Researchers at the University of Hong Kong have reported that clinicians may need to be aware of special considerations for vulnerable patients with ophthalmic conditions, including those with inflammatory eye diseases and some autoimmune disorders. Literature has suggested that there may be a potential for lower vaccine efficacy in pharmacologically immunosuppressed patients. In addition, clinical ophthalmologists may need to be aware of the possibility of vaccine-induced antibody-dependent enhancement for pre-existing inflammatory eye diseases. Regardless of the status of the vaccine roll-out in many jurisdictions, preventive measures need to be sustained to maximise the protective protocols to support clinicians and their patients, even after vaccination.
It is now over a year (March 11th, 2020) since the World Health Organization declared a global pandemic and as of March 14th 2021, there are over 119M cases of COVID-19, including 2.6M deaths. However, there is now clear optimism that COVID-19 vaccinations are in reach, and in fact as of last week, >300M vaccine doses have been administered in several parts of the world. In addition, as of March 2021, there are 96 vaccine candidates in progress with 266 clinical trials – 29 in phase I, 40 in phase II and 27 in phase III (https://covid19.trackvaccines.org/vaccines/). More importantly, there are now 12 approved vaccines— BNT162b2 (BioNTech/Pfizer), Sputnik V (Gamelaya), mRNA-1273 (Moderna), ChAdOx1 (University of Oxford), BBIBP-CorV (Sinopharm), Covishield (Serum Institute of India), Covaxin (Bharat Biotech), CoronaVac (Sinovaac), Ad5-nCoV (Cansino Biologics), EpiVacCorona (FBRI), Sinopharm (Wuhan) Inactivated (Vero Cells) and Jannsen (Ad26.COV2.S).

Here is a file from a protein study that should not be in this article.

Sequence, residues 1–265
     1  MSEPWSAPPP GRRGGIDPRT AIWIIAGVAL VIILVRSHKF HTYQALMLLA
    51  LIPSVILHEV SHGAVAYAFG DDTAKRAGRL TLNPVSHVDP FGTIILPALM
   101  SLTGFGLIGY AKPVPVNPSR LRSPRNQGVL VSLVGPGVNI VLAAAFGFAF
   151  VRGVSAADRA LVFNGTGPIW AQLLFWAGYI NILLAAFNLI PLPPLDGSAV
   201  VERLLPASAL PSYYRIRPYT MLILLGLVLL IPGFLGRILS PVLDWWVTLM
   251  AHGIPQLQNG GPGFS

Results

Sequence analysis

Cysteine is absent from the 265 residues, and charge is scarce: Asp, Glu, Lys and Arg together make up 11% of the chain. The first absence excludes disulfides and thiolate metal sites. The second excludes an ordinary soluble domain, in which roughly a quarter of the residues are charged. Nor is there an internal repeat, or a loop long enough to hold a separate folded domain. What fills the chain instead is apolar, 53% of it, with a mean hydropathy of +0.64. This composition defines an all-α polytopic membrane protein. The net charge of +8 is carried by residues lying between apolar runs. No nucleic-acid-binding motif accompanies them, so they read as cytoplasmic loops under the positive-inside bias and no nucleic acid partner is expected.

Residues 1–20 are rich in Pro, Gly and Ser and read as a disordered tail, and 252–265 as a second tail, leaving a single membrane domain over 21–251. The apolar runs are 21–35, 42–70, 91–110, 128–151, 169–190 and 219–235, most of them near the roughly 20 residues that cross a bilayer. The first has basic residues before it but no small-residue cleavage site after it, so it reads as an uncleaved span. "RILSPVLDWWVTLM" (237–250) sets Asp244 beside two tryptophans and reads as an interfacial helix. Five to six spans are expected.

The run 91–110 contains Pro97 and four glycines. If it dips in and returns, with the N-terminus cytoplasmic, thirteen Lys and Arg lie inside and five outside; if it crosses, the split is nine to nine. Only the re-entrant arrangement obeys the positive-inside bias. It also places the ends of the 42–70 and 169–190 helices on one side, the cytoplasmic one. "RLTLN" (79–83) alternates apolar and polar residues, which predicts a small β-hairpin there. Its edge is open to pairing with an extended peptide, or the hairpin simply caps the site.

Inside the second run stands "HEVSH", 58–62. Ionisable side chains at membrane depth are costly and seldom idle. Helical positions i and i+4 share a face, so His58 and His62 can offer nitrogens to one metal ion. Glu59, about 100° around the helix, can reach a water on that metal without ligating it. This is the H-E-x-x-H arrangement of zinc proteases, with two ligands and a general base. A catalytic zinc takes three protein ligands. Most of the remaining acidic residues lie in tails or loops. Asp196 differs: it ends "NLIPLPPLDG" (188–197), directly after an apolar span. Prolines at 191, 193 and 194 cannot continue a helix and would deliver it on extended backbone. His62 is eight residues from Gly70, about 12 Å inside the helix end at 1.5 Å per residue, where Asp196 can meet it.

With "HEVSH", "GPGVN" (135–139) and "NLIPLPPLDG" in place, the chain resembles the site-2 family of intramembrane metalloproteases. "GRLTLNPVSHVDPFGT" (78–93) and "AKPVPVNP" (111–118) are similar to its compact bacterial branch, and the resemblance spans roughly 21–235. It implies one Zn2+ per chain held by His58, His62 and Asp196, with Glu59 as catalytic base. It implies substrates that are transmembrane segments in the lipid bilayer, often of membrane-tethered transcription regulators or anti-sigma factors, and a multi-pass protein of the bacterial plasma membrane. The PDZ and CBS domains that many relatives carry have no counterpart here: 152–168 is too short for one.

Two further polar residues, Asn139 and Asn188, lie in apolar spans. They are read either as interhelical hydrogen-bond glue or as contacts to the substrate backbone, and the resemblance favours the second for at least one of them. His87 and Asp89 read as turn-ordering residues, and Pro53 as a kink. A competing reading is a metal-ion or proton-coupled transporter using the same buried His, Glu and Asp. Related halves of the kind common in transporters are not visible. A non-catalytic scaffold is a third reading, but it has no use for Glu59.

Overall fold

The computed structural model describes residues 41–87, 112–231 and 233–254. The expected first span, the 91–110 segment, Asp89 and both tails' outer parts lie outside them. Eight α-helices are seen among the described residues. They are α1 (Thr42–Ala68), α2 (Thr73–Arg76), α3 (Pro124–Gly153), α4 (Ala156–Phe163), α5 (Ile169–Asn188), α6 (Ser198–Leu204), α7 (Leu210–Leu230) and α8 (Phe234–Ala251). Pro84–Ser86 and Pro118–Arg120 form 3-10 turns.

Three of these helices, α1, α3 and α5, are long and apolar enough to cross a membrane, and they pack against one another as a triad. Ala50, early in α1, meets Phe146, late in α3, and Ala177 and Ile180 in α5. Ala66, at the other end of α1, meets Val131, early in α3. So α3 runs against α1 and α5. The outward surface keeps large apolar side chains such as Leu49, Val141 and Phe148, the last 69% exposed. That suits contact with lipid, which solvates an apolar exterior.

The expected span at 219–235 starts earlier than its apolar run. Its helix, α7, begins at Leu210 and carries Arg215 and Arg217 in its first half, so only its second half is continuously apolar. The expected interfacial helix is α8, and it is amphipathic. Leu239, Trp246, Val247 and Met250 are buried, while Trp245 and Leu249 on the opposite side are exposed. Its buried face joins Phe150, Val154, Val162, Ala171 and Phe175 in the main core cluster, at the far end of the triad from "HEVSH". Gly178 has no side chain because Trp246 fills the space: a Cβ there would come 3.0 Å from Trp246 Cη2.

In the current report, researchers commented that “patients who are pharmacologically immunosuppressed constituted a significant group of vulnerable patients for ophthalmologists during the pandemic. Immunosuppressive therapy is increasingly used to manage ocular inflammation, which is a major cause of ocular morbidity. The dilemma over the use, timing, dosage and duration of immunosuppression in patients with COVID-19 persists. The conundrum will likely extend to COVID-19 vaccine administration given the limited safety and efficacy data”. Importantly, EURETINA has provided valuable information at the Society’s website on similar topics (www.euretina.org/covid-questions/euretina-qr-covid-19-phase-2-2/). Given that different countries across Europe have different rates of infection, it is recommended that all national guidelines follow the advice provided by the competent agencies. Lastly, a word of thanks to Prof. Mario Romano in Milan for providing detailed and relevant insights on the EURETINA website.